Sydney Town Hall Organ


Sydney Town Hall is one of Sydney’s best loved icons. For more than a century it has been the city’s major public and civic building, its clock a popular landmark and the marble steps leading up to the entrance, one of Sydney’s favourite meeting places.
During the second half of the nineteenth century it was customary for the civic halls of England and her colonies to be provided with organs of imposing dimensions; dimensions which in themselves spoke of a city’s pride and aspirations. With Sydney’s own Town Hall itself a structure of lavish proportions, it is no surprise that the original designers of the organ conceived an instrument on the grandest possible scale.

Built in London by William Hill and Son, the Grand Organ was shipped to Australia and installed in 1890. It was then the largest organ in the world and is still the largest ever built with tubular-pneumatic action.

The organ was restored between 1972 and 1982 and is used regularly for performances. The final stage of the organ’s restoration unfolded in 1992 when the Town Hall was restored. At this time the original colour scheme for the case, with its lavish gilding, was reinstated.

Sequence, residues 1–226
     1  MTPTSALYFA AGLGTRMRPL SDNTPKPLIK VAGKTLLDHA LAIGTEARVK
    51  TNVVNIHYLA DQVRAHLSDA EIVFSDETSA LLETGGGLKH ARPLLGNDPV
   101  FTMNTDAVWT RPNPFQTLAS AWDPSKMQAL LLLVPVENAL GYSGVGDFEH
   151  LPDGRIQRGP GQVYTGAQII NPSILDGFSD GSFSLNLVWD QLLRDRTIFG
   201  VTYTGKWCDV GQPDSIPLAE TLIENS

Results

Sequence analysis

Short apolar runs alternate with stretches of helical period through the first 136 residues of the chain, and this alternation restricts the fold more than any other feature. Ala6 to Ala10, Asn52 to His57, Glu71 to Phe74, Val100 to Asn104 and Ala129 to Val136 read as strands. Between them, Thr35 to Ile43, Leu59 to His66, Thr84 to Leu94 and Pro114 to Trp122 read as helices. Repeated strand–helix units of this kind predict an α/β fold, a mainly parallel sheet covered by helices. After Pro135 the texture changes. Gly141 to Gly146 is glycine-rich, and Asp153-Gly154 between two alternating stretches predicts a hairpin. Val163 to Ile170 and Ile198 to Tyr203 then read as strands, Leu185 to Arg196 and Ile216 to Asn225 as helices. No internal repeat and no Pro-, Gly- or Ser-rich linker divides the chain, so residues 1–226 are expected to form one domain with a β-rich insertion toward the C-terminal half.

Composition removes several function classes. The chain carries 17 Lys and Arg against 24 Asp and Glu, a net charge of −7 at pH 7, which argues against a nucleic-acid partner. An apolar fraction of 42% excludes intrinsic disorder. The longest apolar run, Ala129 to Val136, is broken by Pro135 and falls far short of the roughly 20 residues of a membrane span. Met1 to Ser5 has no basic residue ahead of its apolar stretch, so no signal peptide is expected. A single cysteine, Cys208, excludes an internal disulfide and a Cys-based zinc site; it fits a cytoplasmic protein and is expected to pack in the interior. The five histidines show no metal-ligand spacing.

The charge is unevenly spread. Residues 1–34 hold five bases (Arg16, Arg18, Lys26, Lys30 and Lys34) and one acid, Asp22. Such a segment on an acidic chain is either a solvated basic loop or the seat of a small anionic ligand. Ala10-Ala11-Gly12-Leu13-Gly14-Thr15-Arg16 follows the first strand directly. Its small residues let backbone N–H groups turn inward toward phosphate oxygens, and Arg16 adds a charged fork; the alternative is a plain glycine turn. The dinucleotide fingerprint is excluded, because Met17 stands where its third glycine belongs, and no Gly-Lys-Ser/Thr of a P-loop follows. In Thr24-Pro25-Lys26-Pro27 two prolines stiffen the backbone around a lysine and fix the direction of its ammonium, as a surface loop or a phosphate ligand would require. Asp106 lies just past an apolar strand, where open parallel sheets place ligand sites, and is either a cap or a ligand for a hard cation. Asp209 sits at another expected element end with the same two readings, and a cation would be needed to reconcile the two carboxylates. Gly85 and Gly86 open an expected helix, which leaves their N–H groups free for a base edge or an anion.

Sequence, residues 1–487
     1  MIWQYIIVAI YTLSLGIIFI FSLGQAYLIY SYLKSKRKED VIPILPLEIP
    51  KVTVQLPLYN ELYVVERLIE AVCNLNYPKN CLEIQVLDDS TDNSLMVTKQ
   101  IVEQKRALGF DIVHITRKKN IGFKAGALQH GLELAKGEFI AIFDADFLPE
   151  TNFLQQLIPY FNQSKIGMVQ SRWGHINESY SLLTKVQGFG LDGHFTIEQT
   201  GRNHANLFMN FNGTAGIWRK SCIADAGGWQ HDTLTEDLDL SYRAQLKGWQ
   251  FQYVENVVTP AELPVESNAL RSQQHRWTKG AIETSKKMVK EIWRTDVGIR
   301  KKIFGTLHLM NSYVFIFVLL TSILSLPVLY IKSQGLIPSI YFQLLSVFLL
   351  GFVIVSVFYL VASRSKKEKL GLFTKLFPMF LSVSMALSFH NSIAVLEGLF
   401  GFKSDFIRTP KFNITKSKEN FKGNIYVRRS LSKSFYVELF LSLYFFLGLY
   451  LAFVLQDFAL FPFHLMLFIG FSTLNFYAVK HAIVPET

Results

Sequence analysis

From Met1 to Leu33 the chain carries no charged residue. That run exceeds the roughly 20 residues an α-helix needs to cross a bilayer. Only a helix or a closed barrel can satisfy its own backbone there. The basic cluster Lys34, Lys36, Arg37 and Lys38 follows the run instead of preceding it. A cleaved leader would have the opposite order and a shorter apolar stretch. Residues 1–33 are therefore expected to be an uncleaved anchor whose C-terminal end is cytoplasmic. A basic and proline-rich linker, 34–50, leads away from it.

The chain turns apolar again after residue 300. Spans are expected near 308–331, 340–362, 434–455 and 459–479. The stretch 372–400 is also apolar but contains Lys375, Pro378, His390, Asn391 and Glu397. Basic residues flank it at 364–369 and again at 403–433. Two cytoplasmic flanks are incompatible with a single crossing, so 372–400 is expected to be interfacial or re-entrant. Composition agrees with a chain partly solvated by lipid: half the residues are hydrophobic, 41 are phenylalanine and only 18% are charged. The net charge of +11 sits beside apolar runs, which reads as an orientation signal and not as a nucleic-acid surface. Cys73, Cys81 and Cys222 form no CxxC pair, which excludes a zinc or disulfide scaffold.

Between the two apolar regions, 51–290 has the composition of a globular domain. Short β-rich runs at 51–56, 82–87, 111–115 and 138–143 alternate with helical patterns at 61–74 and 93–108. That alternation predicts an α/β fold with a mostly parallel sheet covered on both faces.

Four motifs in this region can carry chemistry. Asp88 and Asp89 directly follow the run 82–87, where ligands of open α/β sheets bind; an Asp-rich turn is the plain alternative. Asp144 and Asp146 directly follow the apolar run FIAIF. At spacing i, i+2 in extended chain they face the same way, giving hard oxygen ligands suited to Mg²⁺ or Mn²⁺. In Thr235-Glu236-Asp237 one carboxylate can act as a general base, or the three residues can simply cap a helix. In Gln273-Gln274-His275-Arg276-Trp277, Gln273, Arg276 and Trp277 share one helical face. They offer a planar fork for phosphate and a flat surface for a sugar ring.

The Sydney Town Hall is an impressive centre for civic and cultural events and its state-of-the-art facilities make it one of Sydney’s most exciting venues. However its’ heritage listing means that any technical changes within the building have to be carefully considered; the placement of audio visual equipment is not easy.

So how do you give a venue such as Sydney Town Hall an extra edge with which to attract potential venue hirers?

The solution was to light up the wall behind the organ in changing colour. Initially the lighting department at the venue was solely interested in changing the existing prehistoric lights that lit up the organ as they were becoming a safety risk. Not only were they high maintenance but they were also positioned rather precariously. Whist looking at replacements, the idea of colour changing lights was born and the venue operators soon realised the attraction of such a feature to potential hirers.

Five Studio Due CityColour 400 colour wash units were supplied by BeyondAV and these are situated within the organ on a platform. From there, the unit’s colourwash the back wall behind the organ. The colour can be static or on a continuous change.

One of the first important functions that benefited from the venue’s new feature was the Wallabies Bledisloe Luncheon. The wall was lit in a brilliant shade of green whilst the organ pipes were lit in gold and the client was very pleased with the result.